A Political History of the American Welfare System: When Ideas Have Consequences

ISBN: 9780742526686
Publisher: Rowman & Littlefield Publishers
Publication Date: 2003-10-07
Number of pages: 304
  • $21.97

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How did American welfare policy move from the ambitious and altruistic goals of LBJ's Great Society of the 1960s to the punitive and penurious provisions of the Personal Responsibility and Work Reconciliation Act of 1996? This book explores the power of ideology and rhetoric in the transformation of the American liberal welfare state. Based on historical analysis, detailed public policy critique, and original interview data, the story that unfolds is one of both personality and politics. Author Brendon O'Connor places the American welfare policy debate in wider perspective, showing how America's particular use of ideas and conceptions of economics and politics worked to reshape the national perception of poverty, morality, and economic responsibility over time.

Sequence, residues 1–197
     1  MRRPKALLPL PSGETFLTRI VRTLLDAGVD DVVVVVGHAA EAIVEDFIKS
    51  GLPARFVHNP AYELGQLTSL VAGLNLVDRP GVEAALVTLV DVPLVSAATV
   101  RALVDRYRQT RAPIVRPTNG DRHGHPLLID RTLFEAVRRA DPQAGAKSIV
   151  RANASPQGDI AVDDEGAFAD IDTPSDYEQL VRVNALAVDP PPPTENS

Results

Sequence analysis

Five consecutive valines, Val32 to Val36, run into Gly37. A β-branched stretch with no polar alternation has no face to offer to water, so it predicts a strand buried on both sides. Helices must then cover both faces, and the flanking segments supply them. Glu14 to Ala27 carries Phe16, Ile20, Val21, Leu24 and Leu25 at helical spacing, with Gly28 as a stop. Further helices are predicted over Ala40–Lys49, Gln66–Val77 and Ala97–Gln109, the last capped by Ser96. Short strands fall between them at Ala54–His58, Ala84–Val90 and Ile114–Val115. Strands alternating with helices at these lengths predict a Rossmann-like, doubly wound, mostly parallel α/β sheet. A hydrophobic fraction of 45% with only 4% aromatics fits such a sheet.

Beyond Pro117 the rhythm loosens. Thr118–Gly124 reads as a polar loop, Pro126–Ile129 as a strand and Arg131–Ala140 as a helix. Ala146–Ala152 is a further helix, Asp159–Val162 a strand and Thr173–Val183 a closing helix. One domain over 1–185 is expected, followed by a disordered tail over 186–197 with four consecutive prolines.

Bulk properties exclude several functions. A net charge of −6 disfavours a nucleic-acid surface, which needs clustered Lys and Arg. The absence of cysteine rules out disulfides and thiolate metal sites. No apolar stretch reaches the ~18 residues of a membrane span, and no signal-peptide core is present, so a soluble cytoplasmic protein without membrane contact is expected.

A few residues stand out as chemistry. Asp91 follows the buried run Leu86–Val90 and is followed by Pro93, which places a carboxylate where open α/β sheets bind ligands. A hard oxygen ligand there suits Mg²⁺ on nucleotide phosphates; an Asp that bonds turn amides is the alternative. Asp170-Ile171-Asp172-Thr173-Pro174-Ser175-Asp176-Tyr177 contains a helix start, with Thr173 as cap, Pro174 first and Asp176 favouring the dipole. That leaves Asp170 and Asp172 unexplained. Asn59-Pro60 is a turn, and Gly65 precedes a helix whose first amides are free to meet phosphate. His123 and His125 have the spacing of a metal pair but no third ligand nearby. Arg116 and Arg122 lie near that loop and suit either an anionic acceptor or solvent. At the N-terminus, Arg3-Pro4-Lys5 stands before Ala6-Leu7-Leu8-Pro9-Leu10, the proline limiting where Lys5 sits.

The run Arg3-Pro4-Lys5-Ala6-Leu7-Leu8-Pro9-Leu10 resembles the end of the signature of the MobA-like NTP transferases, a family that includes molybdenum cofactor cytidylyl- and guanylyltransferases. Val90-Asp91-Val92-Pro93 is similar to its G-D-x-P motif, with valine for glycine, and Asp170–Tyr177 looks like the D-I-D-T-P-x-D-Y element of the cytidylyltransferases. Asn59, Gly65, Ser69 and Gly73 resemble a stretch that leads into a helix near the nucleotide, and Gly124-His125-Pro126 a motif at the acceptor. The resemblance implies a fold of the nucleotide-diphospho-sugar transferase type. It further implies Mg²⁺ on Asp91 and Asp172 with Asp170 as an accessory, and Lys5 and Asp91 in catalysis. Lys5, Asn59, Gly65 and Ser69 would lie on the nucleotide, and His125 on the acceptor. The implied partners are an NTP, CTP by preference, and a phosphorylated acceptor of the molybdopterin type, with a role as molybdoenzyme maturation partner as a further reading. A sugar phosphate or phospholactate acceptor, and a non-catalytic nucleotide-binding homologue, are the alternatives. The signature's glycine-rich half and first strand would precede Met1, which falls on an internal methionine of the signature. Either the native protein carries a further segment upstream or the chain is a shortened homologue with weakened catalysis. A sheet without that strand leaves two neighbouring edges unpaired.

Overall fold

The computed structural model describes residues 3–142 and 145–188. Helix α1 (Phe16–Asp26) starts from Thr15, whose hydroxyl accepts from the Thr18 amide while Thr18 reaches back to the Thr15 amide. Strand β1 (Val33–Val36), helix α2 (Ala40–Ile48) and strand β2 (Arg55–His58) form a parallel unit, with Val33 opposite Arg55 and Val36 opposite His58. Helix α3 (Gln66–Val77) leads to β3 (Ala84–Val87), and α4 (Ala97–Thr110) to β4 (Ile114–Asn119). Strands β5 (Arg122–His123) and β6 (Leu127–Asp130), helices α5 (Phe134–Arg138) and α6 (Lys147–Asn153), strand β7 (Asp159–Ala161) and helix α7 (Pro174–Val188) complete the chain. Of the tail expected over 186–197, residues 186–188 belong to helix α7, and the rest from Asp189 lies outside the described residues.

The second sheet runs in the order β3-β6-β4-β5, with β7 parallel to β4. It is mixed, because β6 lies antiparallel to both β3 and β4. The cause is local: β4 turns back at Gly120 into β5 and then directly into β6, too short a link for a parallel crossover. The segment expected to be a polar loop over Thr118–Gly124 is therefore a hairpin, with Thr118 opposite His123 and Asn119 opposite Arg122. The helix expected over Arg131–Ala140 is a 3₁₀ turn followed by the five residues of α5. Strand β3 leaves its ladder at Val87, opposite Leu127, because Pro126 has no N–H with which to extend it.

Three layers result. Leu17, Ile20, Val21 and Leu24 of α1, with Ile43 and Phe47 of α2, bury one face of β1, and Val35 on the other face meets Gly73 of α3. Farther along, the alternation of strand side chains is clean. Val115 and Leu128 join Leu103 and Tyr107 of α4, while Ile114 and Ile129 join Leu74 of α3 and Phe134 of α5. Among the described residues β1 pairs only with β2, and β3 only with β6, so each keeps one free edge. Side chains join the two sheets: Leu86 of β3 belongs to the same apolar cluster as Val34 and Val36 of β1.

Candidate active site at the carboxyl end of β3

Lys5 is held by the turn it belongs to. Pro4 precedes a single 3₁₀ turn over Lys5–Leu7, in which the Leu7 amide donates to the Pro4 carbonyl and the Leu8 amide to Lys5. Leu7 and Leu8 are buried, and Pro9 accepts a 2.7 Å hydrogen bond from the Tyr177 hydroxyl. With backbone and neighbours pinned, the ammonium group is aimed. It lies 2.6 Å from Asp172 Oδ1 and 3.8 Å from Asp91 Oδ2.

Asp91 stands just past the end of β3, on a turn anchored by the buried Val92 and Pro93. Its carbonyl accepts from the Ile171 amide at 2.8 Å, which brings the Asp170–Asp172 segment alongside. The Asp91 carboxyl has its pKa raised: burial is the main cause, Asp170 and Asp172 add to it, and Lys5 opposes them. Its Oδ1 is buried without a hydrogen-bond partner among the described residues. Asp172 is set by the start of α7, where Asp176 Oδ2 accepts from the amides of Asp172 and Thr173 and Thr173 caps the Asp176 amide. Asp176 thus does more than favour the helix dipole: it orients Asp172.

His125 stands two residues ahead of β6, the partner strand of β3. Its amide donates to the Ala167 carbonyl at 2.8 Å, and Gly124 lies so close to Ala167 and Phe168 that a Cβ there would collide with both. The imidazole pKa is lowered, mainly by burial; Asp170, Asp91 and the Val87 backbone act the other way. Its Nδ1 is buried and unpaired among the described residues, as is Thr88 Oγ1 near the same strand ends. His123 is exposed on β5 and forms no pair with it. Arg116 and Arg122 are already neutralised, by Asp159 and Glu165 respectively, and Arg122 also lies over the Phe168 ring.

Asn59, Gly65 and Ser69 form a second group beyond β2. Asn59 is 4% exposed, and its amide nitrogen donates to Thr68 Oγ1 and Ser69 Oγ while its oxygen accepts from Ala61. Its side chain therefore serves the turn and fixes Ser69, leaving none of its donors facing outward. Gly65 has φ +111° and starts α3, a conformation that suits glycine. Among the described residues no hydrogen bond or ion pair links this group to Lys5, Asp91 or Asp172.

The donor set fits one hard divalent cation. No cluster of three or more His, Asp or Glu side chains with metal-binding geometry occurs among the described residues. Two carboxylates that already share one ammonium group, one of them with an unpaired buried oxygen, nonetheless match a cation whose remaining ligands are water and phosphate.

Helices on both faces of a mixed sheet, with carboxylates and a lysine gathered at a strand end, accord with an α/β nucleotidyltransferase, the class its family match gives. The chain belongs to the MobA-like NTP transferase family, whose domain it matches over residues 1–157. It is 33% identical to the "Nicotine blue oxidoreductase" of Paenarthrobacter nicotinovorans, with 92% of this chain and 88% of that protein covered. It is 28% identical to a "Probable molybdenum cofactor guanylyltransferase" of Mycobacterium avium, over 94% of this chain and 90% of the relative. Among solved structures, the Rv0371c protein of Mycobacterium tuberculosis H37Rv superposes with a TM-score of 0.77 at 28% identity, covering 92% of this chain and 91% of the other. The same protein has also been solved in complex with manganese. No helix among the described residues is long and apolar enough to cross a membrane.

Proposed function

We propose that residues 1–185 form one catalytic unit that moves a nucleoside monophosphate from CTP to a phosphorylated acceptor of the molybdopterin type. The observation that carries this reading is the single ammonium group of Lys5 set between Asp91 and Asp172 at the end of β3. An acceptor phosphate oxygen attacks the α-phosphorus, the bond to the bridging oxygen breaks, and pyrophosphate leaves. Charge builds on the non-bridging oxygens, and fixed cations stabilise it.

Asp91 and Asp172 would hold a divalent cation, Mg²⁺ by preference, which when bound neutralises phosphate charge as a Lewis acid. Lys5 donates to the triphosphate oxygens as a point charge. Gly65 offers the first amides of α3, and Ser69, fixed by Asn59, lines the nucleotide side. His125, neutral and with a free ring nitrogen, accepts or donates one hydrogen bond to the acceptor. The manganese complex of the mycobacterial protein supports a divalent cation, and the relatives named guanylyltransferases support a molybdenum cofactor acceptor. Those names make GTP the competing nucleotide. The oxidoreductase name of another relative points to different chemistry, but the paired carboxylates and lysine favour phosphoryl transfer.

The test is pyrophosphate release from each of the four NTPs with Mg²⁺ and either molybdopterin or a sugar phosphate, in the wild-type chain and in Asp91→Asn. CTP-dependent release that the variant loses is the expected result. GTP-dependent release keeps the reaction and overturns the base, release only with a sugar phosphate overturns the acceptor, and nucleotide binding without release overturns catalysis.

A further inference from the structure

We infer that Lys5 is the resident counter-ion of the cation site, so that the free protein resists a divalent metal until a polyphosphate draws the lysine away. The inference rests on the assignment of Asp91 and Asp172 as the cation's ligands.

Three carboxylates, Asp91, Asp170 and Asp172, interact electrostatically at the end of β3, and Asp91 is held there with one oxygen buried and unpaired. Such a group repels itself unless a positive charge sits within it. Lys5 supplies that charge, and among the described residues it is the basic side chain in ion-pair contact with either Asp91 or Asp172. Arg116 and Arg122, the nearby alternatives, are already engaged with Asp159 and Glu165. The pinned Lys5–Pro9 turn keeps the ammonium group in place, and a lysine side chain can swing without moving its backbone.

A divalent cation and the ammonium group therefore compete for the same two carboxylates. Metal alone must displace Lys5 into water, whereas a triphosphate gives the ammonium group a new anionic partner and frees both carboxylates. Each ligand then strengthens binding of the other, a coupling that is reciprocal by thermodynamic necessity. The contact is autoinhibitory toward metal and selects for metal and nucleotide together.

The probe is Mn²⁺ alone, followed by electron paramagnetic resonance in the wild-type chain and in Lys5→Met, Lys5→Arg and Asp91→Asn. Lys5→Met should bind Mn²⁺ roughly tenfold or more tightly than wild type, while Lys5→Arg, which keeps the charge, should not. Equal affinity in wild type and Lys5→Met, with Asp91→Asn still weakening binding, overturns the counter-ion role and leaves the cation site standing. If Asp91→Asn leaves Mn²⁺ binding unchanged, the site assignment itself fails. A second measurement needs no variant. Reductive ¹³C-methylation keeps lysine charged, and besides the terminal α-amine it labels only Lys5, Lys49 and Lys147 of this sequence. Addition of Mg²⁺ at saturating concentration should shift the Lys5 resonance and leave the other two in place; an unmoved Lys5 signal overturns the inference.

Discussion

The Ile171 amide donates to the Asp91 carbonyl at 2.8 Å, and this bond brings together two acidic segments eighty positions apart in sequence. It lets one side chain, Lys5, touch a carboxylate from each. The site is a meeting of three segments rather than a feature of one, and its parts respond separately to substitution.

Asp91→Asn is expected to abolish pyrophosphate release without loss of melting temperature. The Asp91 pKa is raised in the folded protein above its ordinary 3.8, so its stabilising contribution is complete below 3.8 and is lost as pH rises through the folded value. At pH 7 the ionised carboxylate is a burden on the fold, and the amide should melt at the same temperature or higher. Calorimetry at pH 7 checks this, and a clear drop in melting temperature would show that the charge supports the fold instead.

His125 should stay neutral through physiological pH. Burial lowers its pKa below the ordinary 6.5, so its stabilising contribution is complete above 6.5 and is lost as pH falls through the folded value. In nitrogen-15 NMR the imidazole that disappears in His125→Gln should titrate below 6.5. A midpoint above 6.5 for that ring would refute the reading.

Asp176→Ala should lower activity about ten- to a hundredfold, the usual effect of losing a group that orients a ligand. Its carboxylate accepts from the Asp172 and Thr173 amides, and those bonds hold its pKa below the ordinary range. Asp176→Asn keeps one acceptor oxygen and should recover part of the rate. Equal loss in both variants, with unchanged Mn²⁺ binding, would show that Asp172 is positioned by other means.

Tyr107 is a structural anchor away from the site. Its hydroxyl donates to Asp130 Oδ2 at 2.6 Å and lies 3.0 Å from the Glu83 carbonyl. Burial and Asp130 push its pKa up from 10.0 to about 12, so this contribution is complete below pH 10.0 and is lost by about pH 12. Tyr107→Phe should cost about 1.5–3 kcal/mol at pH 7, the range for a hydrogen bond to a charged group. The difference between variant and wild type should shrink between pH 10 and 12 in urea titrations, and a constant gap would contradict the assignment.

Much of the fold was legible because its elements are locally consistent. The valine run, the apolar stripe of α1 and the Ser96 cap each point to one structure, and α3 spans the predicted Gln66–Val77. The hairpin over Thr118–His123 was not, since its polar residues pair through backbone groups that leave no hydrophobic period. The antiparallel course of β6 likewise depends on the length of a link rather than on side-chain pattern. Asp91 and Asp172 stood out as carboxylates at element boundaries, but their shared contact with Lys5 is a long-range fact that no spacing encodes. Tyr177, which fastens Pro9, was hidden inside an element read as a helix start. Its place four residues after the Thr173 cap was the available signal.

Through wide reading, close textual analysis, and dozens of talks with liberal and conservative figures including Peter Edelman, David Ellwood, Ron Haskins, and Representatives E. Clay Shaw, Jr., Jim McCrery, and Sandy Levin, O'Connor dramatically demonstrates the shift in American welfare policy from left to right. This acute outside perspective enables us to see clearly just how we have arrived at the current post-liberal welfare era in the United States.

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